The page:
Later team SWARS (Southwest Anomalous Research Society) provided additional information on the equipment they use on investigations and how they research property and history of past and present owners, and some the documents associated to the haunted locations—always a key for comparing and analyzing evidence.

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Image courtesy of ThinkHero.

Djinn or Genie: Are They Real or Folklore?

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Djinn or Genie are they real or folklore? Do they come from the paranormal world or another dimension? Djinn have been around through religion and folklore for thousands of years. Most Americans often think of I Dream of Jeanie when they think of the Djinn or the genie that grants three wishes. They are mentioned in Islam, the Bible and other religious books. While the concept of the Djinn does not occur in the original Hebrew version of the Bible the word is used in Arabic translations. In theTestament of Solomon,” he describes enslaving demons to build his temple. Then there was the novel so many read, Arabian Nights.” Who didn’t wish for their three magic wishes? The earliest reference in literature to Djinn is found in The Book of 1001 Nights.” Even the cartoons taught children to be careful of what they wish for because the wish would be granted quite literally. The name is spelled many different ways and they are called by a variety of names.

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Image courtesy of Zsuzsanna Kilian.

Paranormal Corner: Ghost Research Requires Much Equipment

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On every episode of “Ghost Hunters,” “Ghost Adventures” or any of the many other paranormal investigation shows on television, something strange happens.

Whether it be a strange noise, shadow or light, the investigators always see something that keeps our interest.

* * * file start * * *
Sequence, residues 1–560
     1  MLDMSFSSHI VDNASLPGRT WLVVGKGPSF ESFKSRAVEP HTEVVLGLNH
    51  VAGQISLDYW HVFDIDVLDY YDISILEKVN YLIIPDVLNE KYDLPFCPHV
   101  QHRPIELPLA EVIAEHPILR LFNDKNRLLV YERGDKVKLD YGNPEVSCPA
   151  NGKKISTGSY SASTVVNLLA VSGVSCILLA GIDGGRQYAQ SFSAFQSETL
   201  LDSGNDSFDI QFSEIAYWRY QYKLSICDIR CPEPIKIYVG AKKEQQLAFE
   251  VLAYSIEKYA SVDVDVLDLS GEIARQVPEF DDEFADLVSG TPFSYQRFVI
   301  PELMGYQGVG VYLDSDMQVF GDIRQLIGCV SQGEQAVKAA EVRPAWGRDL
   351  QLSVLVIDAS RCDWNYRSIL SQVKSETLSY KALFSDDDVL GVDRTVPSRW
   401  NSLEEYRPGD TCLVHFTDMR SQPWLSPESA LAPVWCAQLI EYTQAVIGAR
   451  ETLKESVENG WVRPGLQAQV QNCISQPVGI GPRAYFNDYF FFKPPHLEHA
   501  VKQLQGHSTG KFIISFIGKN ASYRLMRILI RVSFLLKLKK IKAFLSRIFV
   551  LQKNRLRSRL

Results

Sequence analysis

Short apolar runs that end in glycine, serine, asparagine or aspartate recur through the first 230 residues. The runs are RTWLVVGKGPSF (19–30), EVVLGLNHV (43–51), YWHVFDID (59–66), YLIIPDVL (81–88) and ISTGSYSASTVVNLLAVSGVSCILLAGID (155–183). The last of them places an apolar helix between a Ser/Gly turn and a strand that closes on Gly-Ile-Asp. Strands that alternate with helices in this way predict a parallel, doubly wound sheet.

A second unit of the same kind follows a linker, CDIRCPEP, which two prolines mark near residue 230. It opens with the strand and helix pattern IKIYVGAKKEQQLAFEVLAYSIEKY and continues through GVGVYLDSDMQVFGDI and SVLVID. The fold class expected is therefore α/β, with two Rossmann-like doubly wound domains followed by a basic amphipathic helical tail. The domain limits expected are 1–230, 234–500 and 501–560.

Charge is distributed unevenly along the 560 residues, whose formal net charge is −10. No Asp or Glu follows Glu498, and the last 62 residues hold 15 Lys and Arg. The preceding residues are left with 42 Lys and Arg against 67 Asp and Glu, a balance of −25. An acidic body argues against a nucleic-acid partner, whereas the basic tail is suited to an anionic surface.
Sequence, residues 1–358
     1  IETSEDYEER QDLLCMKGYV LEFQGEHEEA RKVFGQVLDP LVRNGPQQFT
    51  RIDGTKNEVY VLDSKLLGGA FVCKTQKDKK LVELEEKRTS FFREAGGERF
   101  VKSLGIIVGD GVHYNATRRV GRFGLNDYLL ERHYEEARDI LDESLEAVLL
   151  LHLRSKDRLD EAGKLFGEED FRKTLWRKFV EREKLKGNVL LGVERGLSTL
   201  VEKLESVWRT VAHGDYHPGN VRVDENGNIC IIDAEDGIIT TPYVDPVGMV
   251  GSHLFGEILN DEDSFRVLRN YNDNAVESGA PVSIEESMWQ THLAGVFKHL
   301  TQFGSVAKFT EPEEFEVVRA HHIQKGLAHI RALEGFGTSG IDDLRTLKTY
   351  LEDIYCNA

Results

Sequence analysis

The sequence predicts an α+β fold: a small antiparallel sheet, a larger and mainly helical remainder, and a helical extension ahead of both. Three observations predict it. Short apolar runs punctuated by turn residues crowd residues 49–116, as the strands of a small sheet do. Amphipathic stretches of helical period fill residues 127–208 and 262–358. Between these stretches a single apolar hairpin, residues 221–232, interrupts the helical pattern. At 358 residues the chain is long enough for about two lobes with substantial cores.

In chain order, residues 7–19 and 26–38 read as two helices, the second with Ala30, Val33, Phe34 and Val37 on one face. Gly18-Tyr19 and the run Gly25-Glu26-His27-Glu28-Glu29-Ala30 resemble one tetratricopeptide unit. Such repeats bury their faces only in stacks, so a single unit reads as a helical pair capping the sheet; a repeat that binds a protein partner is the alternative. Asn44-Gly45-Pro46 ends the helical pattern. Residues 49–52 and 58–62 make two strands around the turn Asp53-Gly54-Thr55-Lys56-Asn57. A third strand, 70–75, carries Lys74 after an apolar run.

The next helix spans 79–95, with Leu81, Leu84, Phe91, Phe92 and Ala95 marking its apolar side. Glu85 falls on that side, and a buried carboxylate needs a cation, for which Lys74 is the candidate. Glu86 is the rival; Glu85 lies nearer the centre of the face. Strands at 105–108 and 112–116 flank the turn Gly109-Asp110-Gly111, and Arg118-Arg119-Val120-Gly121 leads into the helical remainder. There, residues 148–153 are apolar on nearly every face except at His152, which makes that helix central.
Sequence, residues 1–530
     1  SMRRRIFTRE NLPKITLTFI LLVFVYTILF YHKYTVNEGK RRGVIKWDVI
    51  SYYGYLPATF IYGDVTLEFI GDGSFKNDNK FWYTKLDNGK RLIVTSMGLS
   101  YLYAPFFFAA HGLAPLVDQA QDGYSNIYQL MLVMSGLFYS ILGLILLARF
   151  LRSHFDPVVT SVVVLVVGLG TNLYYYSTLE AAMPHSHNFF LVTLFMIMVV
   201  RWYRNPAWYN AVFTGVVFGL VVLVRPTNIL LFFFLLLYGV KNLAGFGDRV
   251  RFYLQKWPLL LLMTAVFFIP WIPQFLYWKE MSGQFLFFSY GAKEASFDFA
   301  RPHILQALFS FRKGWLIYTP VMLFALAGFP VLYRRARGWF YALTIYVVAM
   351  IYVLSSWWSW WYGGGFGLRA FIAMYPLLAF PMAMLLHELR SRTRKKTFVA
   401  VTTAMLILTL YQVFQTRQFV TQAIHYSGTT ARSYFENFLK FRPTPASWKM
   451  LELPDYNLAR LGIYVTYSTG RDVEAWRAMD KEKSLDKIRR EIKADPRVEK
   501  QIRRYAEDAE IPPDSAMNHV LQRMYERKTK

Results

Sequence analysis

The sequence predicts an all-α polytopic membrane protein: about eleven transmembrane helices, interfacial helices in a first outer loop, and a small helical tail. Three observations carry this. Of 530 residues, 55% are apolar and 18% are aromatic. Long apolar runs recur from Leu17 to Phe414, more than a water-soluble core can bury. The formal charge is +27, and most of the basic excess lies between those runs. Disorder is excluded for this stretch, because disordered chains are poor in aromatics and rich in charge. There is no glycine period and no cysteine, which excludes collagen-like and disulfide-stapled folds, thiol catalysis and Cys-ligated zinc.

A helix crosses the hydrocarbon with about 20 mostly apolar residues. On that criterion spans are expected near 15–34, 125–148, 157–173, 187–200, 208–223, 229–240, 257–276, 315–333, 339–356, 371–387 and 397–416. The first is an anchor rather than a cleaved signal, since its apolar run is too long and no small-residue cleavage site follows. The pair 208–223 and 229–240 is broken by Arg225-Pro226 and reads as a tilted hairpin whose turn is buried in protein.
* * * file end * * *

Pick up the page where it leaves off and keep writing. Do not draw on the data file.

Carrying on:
The reality of paranormal research is that it’s not always as exciting as it seems on the small screen and we don’t always have personal experiences or even record evidence during our lengthy investigations.

Usually, when Jersey Unique Minds Paranormal Society enters a location — whether it be a private residence, historic location or business — we’re there because someone, at one time or another, has had a strange experience.

“With us it’s been a mix,” said JUMPS CEO and founder Doug Hogate Jr. “Sometimes we go into a place and sit for hours and hours, trying to find something, but nothing happens.”

But that doesn’t always mean there’s nothing present.

Haunted

“We don’t think, as soon as we leave, that there is nothing going on,” Hogate said. “There have been so many times when nothing happens, then we get a ton of evidence after we review the evidence.”

JUMPS recently investigated a private location in Greenwich Township, Gloucester County, and had several strange experiences. However, as the evening progressed, myself and fellow investigators realized our equipment could have been effected by high power lines located near the building, and a “charging station” that gives off a very high EMF (electromagnetic field) reading.

“During an investigation, we look into (claims) by using our devices,” Hogate said, referring to gadgets such as K2 meters, Mel meters and the REM Pod which all detect the range and any changes in the electromagnetic field.

“It’s a way to communicate, but it’s also a way for us to see what’s going on in the atmosphere,” he said.